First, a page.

Ethiopian journalist branded a 'terrorist' and locked up for 18 years wins 2014 Golden Pen of Freedom

An Ethiopian journalist branded a "terrorist" and currently serving an 18-year prison sentence has been awarded the 2014 Golden Pen of Freedom.

Eskinder Nega (pictured) has been jailed on at least seven occasions in his country. On the latest occasion, he was locked up for challenging the laws used against him and speculating that the Arab Spring uprisings could be repeated in Ethiopia. He wrote on these subjects despite already having had his journalism 'licence' taken away from him.

According to a fellow Ethiopian prisoner, Nega "could have chosen an easy life… but the love for the truth, for his country, for his fellow human beings, and for Ethiopia, made him into a journalist".

The award, from the World Association of Newspapers and News Publishers (WAN-IFRA), was presented today in Turin, Italy, during the opening ceremonies of the 66th World Newspaper Congress, 21st World Editors Forum and the 24th World Advertising Forum.

Presenting the award, World Editors Forum president Erik Bjerager described Nega as a “tenacious writer who has called only for peaceful change and reconciliation” portrayed by the Ethiopian government as “a rabble-rouser bent on fomenting violent revolution”.

He said: “Without abatement, Ethiopia resorts to anti-terrorism legislation to silence opposition and shackle the press. Alarmingly, beyond Ethiopia, countless states around the world are misapplying legislation designed to protect our societies to journalists, bloggers and freedom of expression advocates. Let me be clear: Journalism is not terrorism.”

In 2004, Nega’s newspapers, Asqual, Satenaw and Menelik, were among 13 titles closed down following the elections in which the ruling EPRDF party claimed a disputed victory.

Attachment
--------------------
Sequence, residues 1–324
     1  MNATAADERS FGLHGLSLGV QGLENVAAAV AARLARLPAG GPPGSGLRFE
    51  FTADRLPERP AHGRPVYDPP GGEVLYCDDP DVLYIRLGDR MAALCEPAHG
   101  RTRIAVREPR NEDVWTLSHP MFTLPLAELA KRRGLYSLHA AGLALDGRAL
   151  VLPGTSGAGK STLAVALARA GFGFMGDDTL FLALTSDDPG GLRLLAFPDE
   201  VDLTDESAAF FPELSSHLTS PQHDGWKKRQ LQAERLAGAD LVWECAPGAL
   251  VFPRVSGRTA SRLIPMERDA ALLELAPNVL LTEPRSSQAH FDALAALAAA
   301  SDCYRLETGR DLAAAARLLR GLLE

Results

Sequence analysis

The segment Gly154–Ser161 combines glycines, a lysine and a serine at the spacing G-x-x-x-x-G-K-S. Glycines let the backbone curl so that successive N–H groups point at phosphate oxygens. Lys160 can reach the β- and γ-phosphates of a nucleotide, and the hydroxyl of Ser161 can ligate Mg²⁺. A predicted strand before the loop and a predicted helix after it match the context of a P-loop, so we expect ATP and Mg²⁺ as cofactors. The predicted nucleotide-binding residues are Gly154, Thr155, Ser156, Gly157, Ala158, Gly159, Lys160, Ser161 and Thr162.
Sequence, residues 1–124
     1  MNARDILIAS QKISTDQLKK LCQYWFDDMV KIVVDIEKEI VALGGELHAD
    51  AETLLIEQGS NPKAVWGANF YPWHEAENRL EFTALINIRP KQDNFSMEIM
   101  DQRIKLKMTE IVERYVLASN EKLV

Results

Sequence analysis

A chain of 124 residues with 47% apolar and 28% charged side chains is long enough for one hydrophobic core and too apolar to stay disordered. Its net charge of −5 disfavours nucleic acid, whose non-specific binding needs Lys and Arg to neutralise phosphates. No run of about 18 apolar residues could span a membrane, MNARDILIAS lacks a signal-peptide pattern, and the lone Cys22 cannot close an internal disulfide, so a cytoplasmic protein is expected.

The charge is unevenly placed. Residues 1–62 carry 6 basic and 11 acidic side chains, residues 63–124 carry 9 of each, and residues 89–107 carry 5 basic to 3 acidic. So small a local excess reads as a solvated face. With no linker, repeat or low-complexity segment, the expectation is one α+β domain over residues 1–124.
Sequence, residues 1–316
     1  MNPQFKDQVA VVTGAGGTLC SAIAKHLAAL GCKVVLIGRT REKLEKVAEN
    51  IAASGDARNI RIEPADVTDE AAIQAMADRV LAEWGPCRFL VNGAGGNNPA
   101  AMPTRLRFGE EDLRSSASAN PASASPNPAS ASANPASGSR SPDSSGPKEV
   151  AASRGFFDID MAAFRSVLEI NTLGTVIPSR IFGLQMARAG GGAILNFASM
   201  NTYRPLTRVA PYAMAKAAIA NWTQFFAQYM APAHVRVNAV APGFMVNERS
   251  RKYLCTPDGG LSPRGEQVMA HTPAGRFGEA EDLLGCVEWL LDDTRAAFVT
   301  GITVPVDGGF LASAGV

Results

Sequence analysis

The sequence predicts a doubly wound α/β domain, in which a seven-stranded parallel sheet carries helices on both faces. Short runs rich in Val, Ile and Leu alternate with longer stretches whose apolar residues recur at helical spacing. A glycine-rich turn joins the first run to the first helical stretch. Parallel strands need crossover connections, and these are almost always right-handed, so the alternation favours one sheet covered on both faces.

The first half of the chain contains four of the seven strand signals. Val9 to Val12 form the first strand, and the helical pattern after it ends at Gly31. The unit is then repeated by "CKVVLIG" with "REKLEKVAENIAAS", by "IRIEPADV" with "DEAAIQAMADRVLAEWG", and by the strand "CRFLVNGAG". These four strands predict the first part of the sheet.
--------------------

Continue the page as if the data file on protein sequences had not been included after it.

Nega and his wife, journalist Serkalem Fasil, were among other journalists, activists and opposition politicians charged with treason. The pair spent 17 months in prison.

Following their release, Nega continued to write, despite having lost his journalism ‘licence’, and was threatened with imprisonment and the death penalty when the Arab Spring began in 2011. Nega stood by his words, and speculated that the uprisings could spread to his country.

Five days before his latest arrest, he wrote a column calling on the government to stops sending dissenters to prison, highlighting the conditions they face.

He returned to Kaliti prison on 14 September 2011.

Swedish journalist Martin Schibbye, another former prisoner of the Ethiopian regime who was jailed alongside Nega for 11 months between 2011 and 2012, accepted the journalist’s award for him.

He said: “We must remember that Eskinder Nega at many points faced a choice. He is intelligent, well educated, he could have chosen an easy life, he could have chosen another profession, but the love for the truth, for his country, for his fellow human beings, and for Ethiopia, made him into journalist.

“He stayed. And he continued to write.

“That decision brought him to the dark cells.

“Not one time. But nine. Nine.

“His stubbornness is demonstrating a brand of moral courage that we need now more than ever. And courage is the only thing he is guilty of.”

More information and full speeches from Bjerager and Schibbye can be found on the WAN-IFRA website.



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